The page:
The august Institute of Medicine is out with academic medicine’s answer to the Billboard Hot 100. A panel of experts has come up with a list of the top 100 health topics that deserve a rigorous comparison of options to determine which are best.
The recommendations, part of a larger report that lays out a blueprint for research, are organized by quartile, and the top 25 would be the ones with a bullet, to stretch the pop music analogy.
Some of the high priorities:
- What are the best strategies to reduce infections spread in health-care settings?
- What’s the best way to use expensive biotech drugs – like Remicade, Enbrel and Humira – to treat inflammatory diseases, such as rheumatoid arthritis?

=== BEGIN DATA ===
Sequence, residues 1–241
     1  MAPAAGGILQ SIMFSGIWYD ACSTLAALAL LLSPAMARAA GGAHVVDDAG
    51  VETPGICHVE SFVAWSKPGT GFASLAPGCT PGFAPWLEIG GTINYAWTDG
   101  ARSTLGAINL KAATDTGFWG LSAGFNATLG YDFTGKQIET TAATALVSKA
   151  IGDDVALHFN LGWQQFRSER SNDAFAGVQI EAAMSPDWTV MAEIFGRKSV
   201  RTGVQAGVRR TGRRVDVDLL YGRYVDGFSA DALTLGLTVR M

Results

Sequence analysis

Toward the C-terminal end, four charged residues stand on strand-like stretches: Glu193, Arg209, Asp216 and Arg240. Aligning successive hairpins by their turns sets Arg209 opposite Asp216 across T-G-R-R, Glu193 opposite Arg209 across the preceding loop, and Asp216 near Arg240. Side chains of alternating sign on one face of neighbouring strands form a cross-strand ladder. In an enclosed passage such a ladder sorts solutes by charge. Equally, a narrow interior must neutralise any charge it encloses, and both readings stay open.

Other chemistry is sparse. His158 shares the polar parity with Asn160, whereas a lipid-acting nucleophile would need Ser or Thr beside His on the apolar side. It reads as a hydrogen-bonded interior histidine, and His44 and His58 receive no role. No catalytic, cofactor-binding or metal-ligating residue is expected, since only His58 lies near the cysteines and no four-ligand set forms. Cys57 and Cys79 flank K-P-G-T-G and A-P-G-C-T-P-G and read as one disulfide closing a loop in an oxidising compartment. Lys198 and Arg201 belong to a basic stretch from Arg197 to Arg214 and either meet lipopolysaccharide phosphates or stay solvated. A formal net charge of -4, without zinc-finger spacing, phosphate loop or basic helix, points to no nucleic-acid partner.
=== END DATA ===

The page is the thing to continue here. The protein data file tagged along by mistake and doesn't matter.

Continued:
- How should dental care be delivered to children to most effectively prevent cavities?
Comparing effectiveness is suddenly an idea whose time has come. “Health care decisions too often are a matter of guesswork, because we lack good evidence to inform them,” said Harold C. Sox, editor of The Annals of Internal Medicine, and panel co-chairman, according to The New York Times.
In legislation to boost the economy, Congress set aside more than $1 billion to fund comparisons that would pick health winners and losers. It was the IOM’s job to come up with recommendations on where to start.
For a little peek into how the priorities were chosen, Consumer Reports‘ Health Blog has a Q&A with Consumer Union President Jim Guest, who was a member of the Federal Coordinating Council for Comparative Effectiveness Research that came up with the recommendations.
The New England Journal of Medicine weighed in with a “Perspective” piece on implications of the report. For more about comparative effectiveness, see this piece from AHCJ board member Andrew Holtz, M.P.H.